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Venice for Halloween Inspiration

Venice for Halloween Inspiration

“So what will you be for Halloween?”

My daughter’s reply, “A Vampire!”

My son:  “A Lego Vampire. And Daddy will be Count Dracula.”

“Who will you be, Mommy?”

A plain-clothes adult giving out stickers and candy.

Then again, maybe I’ll dip into our Venice experience.


Venice, the city of masks. 

During the Carnevale, people don them along with fantabulous garb.

This was the kind that caught my attention.  The shop owner explained it’s the mask of the Dottore or Medico della Peste.  The Plague Doctor.

I wanted to get one except we already had two fragile Venetian masks painted by our children to bring home along with Murano glass.  Venice was our first stop in Bella Italia and who knows what else we’d pick along the way.

But the story of the beaked mask is something I took along with me.  

May I pour you some cider and history?

“Now I will tell you how mankind almost died out.” -Mattheo Villani (1283-1363), Italian historian, died of the plague

La Salute

Across the bustle of tourist-packed San Marco is the Basilica di Santa Maria della Salute, St. Mary of Health or Deliverance.  It is in the quieter sestiere of Dorsoduro.

We crossed the Grand Canal aboard the traghetto, the gondola ferry,  at the cost of 2 euros/passenger at S.M. del Giglio to reach Salute.  The other way to get there is with leg power over the Accademia Bridge.

The city of Venice was Western Europe’s trade center between Asia and the Byzantine Empire.  This made her exposed and vulnerable to the Black Death.  When the Black Death swept over Asia and Europe, it claimed lives in Venice from 1348 to the 1600s.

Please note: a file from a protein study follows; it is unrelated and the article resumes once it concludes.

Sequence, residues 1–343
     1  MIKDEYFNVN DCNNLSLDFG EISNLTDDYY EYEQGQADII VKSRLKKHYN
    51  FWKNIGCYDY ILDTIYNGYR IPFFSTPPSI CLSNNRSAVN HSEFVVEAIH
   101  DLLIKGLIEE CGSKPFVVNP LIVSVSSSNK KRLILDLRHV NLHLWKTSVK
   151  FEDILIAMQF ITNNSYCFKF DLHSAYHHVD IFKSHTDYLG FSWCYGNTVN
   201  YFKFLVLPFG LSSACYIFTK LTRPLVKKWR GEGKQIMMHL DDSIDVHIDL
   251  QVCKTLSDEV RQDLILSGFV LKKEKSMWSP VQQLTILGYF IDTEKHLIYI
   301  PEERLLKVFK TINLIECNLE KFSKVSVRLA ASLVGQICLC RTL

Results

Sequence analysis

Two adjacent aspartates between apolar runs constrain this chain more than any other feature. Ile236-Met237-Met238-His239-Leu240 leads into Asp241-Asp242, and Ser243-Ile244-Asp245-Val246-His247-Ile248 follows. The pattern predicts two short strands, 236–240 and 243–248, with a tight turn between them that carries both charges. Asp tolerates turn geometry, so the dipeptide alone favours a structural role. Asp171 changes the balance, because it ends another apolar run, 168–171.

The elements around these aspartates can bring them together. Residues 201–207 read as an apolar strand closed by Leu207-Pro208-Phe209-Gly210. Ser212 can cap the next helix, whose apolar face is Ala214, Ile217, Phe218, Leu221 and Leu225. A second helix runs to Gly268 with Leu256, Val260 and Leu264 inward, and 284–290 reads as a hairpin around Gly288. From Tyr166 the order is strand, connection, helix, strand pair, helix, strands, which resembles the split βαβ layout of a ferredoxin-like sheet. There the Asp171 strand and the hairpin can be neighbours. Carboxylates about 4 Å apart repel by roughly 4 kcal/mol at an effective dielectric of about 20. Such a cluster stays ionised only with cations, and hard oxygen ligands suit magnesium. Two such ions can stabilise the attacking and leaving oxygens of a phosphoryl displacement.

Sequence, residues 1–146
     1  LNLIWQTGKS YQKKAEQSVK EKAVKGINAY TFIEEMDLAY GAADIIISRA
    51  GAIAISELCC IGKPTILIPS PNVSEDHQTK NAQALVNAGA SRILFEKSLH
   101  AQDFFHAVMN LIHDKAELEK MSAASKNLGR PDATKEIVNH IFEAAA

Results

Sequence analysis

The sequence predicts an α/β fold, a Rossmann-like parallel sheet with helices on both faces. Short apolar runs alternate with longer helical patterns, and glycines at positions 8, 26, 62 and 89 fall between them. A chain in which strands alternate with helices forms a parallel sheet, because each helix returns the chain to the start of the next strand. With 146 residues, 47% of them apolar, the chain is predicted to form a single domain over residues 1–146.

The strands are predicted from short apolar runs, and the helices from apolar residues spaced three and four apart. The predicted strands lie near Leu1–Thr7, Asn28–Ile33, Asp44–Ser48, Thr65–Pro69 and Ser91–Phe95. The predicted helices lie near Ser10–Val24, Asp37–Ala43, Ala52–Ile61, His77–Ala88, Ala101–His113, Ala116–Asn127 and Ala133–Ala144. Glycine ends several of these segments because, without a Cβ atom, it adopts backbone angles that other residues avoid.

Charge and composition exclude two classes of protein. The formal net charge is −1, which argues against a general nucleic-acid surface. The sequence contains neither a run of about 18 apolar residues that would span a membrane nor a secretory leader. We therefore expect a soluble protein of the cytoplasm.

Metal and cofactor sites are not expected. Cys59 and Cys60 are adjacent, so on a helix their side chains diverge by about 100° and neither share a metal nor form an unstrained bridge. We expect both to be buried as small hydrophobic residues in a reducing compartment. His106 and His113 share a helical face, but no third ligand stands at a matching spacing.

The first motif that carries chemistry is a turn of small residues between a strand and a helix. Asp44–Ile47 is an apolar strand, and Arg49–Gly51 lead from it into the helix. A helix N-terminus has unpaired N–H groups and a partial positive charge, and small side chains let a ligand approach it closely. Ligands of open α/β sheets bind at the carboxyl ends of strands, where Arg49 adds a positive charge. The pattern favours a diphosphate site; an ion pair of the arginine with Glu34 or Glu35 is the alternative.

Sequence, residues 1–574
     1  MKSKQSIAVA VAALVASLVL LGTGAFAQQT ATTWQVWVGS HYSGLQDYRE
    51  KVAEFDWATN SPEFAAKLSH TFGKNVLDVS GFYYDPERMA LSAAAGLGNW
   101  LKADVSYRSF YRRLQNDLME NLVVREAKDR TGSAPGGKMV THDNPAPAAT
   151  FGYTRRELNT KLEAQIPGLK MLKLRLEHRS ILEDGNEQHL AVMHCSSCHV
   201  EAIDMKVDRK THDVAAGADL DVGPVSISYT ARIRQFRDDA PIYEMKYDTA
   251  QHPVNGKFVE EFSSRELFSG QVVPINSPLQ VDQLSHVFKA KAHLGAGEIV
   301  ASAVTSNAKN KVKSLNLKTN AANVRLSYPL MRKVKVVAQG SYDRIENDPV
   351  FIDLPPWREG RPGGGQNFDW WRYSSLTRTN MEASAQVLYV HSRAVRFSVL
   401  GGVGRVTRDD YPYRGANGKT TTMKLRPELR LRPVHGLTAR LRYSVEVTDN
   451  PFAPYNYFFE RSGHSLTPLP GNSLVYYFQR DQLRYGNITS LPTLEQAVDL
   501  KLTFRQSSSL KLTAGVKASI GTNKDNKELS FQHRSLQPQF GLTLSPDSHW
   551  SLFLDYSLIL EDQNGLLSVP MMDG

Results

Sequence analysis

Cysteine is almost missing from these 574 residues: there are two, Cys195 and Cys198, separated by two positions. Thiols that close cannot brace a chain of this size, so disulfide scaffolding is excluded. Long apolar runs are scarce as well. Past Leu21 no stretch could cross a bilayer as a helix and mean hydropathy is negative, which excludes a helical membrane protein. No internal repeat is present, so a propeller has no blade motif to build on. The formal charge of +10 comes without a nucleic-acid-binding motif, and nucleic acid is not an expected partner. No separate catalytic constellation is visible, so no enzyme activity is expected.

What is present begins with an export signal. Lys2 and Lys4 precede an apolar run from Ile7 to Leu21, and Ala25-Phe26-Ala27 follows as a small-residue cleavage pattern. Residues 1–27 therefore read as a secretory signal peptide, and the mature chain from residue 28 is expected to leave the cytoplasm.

During the plague outbreak of 1630-31, La Serenissima lost a third of her inhabitants.  An estimated 46,000 out of a population of 140,000 died. Where to turn to, in this desperation?

Doge (Elected Leader) Nicolò  Contarini gave a solemn vow in the name of the Venice Senate that if the Virgin Mary would save Venice from the plague, that a church will be built in her honor, as the Madonna of Good Health.  

Doge Nicolò Contarini, alas, was not spared from the plague.  But the vow was kept by those who survived.

The contest for the church design was won by a then unknown 26-year-old, Baldessare Longhena.  

It took 50 years to build the church.  At least 100,000 pylons (wood pilings) were sunk in to reinforce the tip of Dorsoduro.  The church was constructed of Istrian stone and marmorino, brick covered with marble dust.   The dome was designed by Longhena to look like a crown.

The inside of the church is octagonal.  Inside are paintings of Tintoretto and Titian.  The great painter Titian also succumbed to the plague, but not until (at least) his late 80s.

At the altar is Josse de Corte’s sculpture complex Queen of Heaven Expelling the Plague.   The Virgin Mary holds the baby Jesus as a humbled Lady Venice asks for her help.  The request appears to be answered:  an angel drives out the Plague, represented by an old woman to the Virgin’s left.

Plague Churches

People in Medieval times did not know the cause of the Black Death.  

Could it be punishment for sins?  

Some sought the forgiveness and help of Heaven.  

And Saints.

La Salute is the grandest of the plague churches in Venice.

There are to my knowledge at least four other votive churches in Venice associated with the plague outbreaks: